Come Holy Spirit of God, open my heart to receive God’s word to me today. Help me to hear your still small voice amidst the noise of my life, and to see and walk in your ways. Amen
Talk about a sting in the tail! “He gave them strict orders not to tell who he was”. What? Why did Jesus hide his identity, telling the evil spirits not to let on? This is not a one-off, either. The demons are also commanded to silence in Mark 1.34, and at many points people are told to remain silent (e.g. Mark 1.44, 5.43, 7.36, 8.30, 9.9) - generally after they have seen just the sort of miracles which would make you want to shout from the rooftops. This so-called ‘Messianic Secret’ has perplexed scholars for a century or more.
We think that it is obvious that Jesus would want people to hear that he was the Son of God. Surely, his mission was to ‘spread the word’ – why would he command silence? After all, the evil spirits were only saying publicly what God himself had said privately to Jesus at his baptism (Mark 1.11).
People often surmise that Jesus commanded silence for his own protection. The huge crowds would inevitably be a cause of concern for the authorities. If you were to add in rumours that he was being proclaimed as ‘Son of God’, perhaps they would have tried to stop him, or worse. However, Jesus in general doesn’t seem to mind generating a lot of public interest. If you want to keep a low profile, you are probably best not casting out lots of evil spirits in the first place!
Perhaps the point is that ‘Son of God’ is actually a vague term. It sounds important, but what does it mean? Jesus himself calls peacemakers ‘sons of God’ (Matthew 5.9); Israel is called ‘God’s son’ in Hosea 11.1; and David’s son is called the son of God in 2 Samuel 7.14. Evil spirits shouting “you are the Son of God” as they are cast out suggests that being ‘Son of God’ is all about miracles and supernatural power – Jesus the divine warrior, destroying all that opposes God. Perhaps Jesus tried to suppress this view of him because it is such a distortion. It is exactly the version of being ‘God’s Son’ that Jesus was tempted with in the desert (Matthew 4.1-11).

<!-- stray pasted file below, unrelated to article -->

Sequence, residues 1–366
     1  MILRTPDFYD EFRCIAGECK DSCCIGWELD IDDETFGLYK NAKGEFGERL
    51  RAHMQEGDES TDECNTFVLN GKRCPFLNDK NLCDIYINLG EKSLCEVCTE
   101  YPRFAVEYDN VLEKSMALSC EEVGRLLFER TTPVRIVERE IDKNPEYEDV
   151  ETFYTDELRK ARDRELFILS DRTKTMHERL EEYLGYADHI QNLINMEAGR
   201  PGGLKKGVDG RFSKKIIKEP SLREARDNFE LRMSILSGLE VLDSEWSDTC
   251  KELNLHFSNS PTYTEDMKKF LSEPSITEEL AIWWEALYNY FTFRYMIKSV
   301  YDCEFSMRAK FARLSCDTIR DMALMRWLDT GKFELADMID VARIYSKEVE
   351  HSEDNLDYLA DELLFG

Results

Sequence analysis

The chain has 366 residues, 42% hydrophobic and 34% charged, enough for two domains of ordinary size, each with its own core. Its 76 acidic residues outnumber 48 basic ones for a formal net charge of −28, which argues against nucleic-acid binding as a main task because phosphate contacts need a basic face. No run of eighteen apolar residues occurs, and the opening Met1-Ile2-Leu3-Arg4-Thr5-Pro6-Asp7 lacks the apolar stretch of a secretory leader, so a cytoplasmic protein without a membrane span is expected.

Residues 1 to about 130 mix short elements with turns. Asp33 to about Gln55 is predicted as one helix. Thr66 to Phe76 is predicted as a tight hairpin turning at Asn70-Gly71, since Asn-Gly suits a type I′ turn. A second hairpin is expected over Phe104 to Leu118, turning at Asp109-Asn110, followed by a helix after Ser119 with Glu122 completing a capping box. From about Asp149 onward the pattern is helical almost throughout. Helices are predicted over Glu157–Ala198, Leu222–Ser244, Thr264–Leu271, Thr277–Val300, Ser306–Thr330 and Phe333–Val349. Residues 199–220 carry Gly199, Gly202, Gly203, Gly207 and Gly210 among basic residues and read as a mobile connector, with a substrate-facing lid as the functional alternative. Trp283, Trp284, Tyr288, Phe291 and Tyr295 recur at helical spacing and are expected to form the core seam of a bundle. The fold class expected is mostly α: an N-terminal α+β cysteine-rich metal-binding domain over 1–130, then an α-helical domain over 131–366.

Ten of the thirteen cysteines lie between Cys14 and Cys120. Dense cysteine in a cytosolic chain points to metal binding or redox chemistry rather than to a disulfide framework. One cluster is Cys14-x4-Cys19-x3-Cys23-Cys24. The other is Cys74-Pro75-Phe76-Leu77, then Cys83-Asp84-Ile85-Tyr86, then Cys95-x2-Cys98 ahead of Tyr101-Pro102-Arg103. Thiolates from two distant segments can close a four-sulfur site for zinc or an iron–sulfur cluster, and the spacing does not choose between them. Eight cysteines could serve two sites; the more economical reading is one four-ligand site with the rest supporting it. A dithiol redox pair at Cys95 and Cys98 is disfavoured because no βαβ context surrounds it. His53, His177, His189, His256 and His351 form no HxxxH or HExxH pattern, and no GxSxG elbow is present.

Have you ever used the right words, but in the wrong way? Or said one thing but somehow given the opposite impression? Communication is often about so much more than words, and words often don’t communicate what we intend. Titles are often very blunt instruments, conveying a sense of power and importance and not a lot else. I am a vicar but do the people I meet each day know what that means? They probably know it has something to do with church, but not much else.
Jesus realises this. Titles being shouted about him isn’t going to help people understand him. But have we learnt this lesson? Do we often try to communicate about Jesus by using titles and phrases which, to be honest, don’t mean much to anyone? Do we think that pointing to God’s miraculous activity is going to help people reach him? Often people say ‘If I saw a miracle I would believe’, but in fact many people see miraculous things, which they might even interpret as miraculous for a while, but it doesn’t really change how they live long-term.
1. Have you got beyond thinking of Jesus as ‘son of God’ and being amazed at his miracles, to actually knowing his character, knowing what he is like?
2. Do you think ‘Son of God’ means anything to your neighbours and colleagues?
3. What is the most important aspect of Jesus to communicate to your neighbours and friends?
Lord Jesus, I pray that you would reveal yourself to me. Take me beyond a surface knowledge of you, to grasp your true nature and your heart for your world. Amen.
- Duff, J., Peter’s Preaching: The Message of Mark’s Gospel, Bible Reading Fellowship, 2015.
- Williams, Rowan, Meeting God in Mark, SPCK, 2014.
Written by Jeremy Duff, theologian, author and principal at St Padarn’s Institute, Church in Wales.